News & Case Studies
Storing sunshine in a bottle
This exciting research is a major step in the pursuit of a clean- power economy, and aligns closely with the Council of Australian Governments (COAG) Energy Council’s national hydrogen strategy.
Many countries have recognised the incredible potential of hydrogen as a clean source of energy – it’s a transportable, exportable clean fuel with a high specific energy density, and efficiently produces electricity when consumed in a fuel cell, producing water as the only byproduct.
While it’s the most common element in the universe, hydrogen is oddly difficult to gather efficiently. Most of the Earth’s hydrogen is bound up in in molecules like water, it can be separated and collected but this requires energy.
A promising mechanism for hydrogen harvesting is by splitting water in a process called electrolysis. The process uses electricity to break apart water into hydrogen and oxygen, the hydrogen can then be captured, stored, and used as a fuel source as and when it’s needed.
Electrolysis requires power and until now this has meant pulling on the national grid, requiring a great deal of additional infrastructure and resulting in a lot of lost energy, reducing overall efficiency.
However, the ANU team has now demonstrated record-breaking conversion efficiencies of hydrogen harvesting by creating a standalone system that powers itself. They’ve introduced a tandem solar cell system that feeds electricity directly into a water-splitting chamber and removes the need for external power sources.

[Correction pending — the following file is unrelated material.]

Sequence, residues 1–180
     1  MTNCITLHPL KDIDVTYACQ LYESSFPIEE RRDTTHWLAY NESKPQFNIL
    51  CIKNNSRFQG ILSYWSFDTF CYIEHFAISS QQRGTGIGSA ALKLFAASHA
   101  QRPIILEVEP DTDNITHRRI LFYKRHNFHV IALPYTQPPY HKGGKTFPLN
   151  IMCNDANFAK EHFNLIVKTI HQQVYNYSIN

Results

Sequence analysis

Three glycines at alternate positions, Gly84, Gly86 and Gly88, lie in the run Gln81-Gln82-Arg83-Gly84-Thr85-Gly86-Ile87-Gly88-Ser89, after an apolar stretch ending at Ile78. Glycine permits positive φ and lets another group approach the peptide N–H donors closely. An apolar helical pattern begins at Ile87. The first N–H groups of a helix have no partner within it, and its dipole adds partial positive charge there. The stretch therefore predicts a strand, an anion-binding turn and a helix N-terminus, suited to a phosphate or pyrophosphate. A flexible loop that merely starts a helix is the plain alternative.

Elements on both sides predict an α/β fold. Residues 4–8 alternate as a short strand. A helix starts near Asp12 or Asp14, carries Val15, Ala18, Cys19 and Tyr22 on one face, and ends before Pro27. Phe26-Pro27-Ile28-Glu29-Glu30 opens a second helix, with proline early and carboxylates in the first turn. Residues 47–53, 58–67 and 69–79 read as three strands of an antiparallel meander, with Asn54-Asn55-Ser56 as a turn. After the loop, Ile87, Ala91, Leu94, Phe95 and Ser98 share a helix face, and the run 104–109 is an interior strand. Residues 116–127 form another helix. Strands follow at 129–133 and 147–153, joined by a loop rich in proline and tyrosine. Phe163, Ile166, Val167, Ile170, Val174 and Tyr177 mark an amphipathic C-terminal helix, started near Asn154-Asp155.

“To produce hydrogen in the past, solar plants had to produce electricity which is then used to electrolyse water to produce hydrogen. Our new method is more direct, making it more efficient,” lead author of the research, Dr Siva Karuturi said.
The team worked with ANFF-ACT to build two interlinked solar absorbers capable of generating the required energy levels to separate hydrogen. The first cell is made of a perovskite material, these are considered to be some of the best performing photovoltaic materials available and allows the team’s device to accumulate part of the power required for the electrolysis process. Then, a second silicon photoelectrode kicks in to supply a sufficient voltage to allow the splitting to begin.
This direct solar-to-hydrogen approach has unlocked record- breaking conversion efficiencies of 17.6%, nearing the performance of current rooftop solar panels. The team’s planned steps could see them reach the 20% efficiency mark before the end of 2021, paving the way for cost-effective green hydrogen production.
“Significant cost benefits could be achieved through the use of the solar-to-hydrogen approach,” says Dr Karuturi, “as it avoids the need for added power and network infrastructure necessary when hydrogen is produced using a traditional electrolyser. By avoiding the need to convert solar power from DC to AC power and back again, in addition to avoiding power transmission losses, the direct conversion of solar energy into hydrogen can achieve a higher overall efficiency for the total process.”
While they begin taking steps towards higher efficiencies, Dr Karuturi and the team will also look to incorporate cheaper materials to further reduce costs of the technology.